I had never heard of such a Chapel in Crookes but with a capacity of 800 it must have been a large building and prominent to boot - "one of the finest set of religious building's in Sheffield."
A little research revealed that St John's Wesleyan Chapel in Crookes was no other than Crookes Valley Methodist Church which is situated in Crookesmoor
This report is from the Sheffield and Rotherham Independent dated 29th July 1890
The building and its adjacent premises served the people of Crookes and the surrounding district for over 100 years but it suffered a long and painful death. For many years it was derelict but it has now been converted to student flats and apartments.
The following summary was taken from the now defunct website of the Crookes Valley Methodist Church
"In 1878, a room on Commonside was taken for conducting mission services. This was an area with rapidly growing population, so a society was formed which quickly grew and in 1880 land was purchased on Crookesmoor Road.
A building was erected in 1881 and was initially called St John's Weleyan Methodist Church. By 1887 a new scheme was started to erect a larger chapel. In it's first ten years membership grew from 10 to 214, the Sunday School from 40 to 483, with the original 9 teachers increasing to 57.
In July 1889 the Wesleyan Conference met in Sheffield and laid a foundation stone of the new building which was opened in 1890. There were services at 10.30am and 6.30pm with the Sunday School starting at 9.30am and 2.15pm, and a prayer meeting at 7.00am and a mission service (open air in the summer) at 8.00pm. The building cost £7000 and was paid for out of 'selfless giving by rich and poor alike'. Within three weeks of the new church opening, weekly offerings were at £600 a week when £1 a week was a good wage for a working man.
There were weekly class meetings and mid-week services on Wednesdays and Fridays. Other weekly activities included Mothers Meeting, Ladies sewing meeting, Band of Hope, Boys Brigade, Healing Meetings, Penny Bank, Mutual Improvement Classes as well as band and choir practice.
Just as things were going from strength to strngth so things began to falter. Many of the rich leaders of the Church moved to new areas of the city. The membership was in such a decline in the 1930's closure became an issue. This was slaved off due to members moving from Oxford St after bombing in World War II.
In 1965 Western Street moved to share the building and it became Crookes Valley Methodist Church. In the last 10 years the church has suffered a loss of financial income from tenants moving out and nearly sold the building to the Nine O'clock Community. Then the church council believed the building should be used for God's purpose as it was originally planned 100 years before.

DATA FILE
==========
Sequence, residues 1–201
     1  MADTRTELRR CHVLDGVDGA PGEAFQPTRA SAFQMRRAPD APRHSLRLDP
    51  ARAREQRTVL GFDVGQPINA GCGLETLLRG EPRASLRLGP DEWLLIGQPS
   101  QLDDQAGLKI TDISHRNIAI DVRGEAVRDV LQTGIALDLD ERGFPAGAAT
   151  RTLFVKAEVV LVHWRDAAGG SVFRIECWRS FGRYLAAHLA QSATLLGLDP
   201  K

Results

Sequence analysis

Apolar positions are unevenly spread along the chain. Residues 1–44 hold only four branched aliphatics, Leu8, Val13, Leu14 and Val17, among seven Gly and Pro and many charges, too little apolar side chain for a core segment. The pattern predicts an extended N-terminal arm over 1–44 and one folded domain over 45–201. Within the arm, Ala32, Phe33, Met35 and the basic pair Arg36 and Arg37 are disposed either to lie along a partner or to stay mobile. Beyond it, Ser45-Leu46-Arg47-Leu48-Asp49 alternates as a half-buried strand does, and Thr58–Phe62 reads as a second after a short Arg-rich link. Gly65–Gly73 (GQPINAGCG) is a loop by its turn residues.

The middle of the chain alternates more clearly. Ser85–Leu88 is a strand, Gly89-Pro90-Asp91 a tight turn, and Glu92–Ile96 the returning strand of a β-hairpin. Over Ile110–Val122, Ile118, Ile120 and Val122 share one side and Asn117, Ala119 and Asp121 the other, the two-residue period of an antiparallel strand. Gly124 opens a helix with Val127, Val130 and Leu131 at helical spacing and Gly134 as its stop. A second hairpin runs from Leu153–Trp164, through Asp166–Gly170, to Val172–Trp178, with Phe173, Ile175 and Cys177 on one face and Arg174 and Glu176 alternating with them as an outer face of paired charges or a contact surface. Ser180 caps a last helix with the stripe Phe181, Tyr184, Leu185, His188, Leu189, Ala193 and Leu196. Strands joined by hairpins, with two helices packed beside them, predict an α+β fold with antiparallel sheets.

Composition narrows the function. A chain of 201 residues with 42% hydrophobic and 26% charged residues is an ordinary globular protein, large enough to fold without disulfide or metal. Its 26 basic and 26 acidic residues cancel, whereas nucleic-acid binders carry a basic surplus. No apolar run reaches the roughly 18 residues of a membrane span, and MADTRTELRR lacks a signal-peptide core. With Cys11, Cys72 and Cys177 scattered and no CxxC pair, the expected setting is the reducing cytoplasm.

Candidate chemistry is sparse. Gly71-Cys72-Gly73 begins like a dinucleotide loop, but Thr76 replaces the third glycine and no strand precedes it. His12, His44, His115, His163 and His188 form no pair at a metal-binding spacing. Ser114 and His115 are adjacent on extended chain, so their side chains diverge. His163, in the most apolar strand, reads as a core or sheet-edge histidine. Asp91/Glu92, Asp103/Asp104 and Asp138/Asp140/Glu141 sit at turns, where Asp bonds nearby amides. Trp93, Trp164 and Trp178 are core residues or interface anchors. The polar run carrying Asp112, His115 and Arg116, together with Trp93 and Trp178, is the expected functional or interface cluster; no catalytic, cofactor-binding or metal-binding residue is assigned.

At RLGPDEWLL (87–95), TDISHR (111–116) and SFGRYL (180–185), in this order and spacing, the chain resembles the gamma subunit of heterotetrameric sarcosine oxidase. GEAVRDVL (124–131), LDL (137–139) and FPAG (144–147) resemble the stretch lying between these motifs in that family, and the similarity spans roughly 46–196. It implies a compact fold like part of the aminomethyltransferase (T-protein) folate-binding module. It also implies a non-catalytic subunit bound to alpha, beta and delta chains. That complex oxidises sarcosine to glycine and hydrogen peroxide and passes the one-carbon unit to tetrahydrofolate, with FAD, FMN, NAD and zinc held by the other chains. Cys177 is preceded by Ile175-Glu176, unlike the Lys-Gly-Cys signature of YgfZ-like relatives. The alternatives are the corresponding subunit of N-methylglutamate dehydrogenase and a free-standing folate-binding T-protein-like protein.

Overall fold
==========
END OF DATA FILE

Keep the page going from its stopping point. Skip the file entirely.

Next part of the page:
Faith, mighty faith the promise sees
And looks to that alone
Laughs at impossibilties
And cries 'It shall be done'
A prophetic poem for the church when it decided to take over the whole building"
This is from The Star (Sheffield) 24 February 2003
AN ENORMOUS Grade II-listed Victorian church has been sold at auction for almost double its asking price.
Crookes Valley Methodist Church, an imposing stone building which dominates the corner of Crookes Valley Road and Crookesmoor Road in Sheffield, was sold for GBP465,000.
It had a guide price of just GBP250,000.
The building, which was erected in 1890, had been home to a congregation of Methodist churchgoers for more than 100 years.
But recently worshippers dwindled to just 27.
The building, which went under the hammer at a sale at the Crucible, was bought by a consortium of investors who are expected to turn it into residential accommodation.
Adrian Little, a partner at Mark Jenkinson property auctioneers which handled the sale, said: "The church sold well above expectations. It is a Grade II-listed building, so the structure will be preserved, but there is no doubt some form of residential use will be sought.
"The prices obtained at the sale showed no sign whatsoever of the market slowing down." The building, which was built 113 years ago with money from the Osborn steel family, is in a poor state of repair. It occupies seven storeys and nearly half an acre.
This building was erected in 1881 and was initially called St John's Weleyan Methodist Church. The building cost £7000 and was paid for out of 'selfless giving by rich and poor alike'. Within three weeks of the new church opening, weekly offerings were at £600 a week when £1 a week was a good wage for a working man.In 1965 Western Street moved to share the building and it became Crookes Valley Methodist Church. In the last 10 years the church has suffered a loss of financial income from tenants moving out and was nearly sold . Then the church council believed the building should be used for God's purpose as it was originally planned 100 years before.
To the best of my knowledge the church closed in 2003 and is now going to rack & ruin.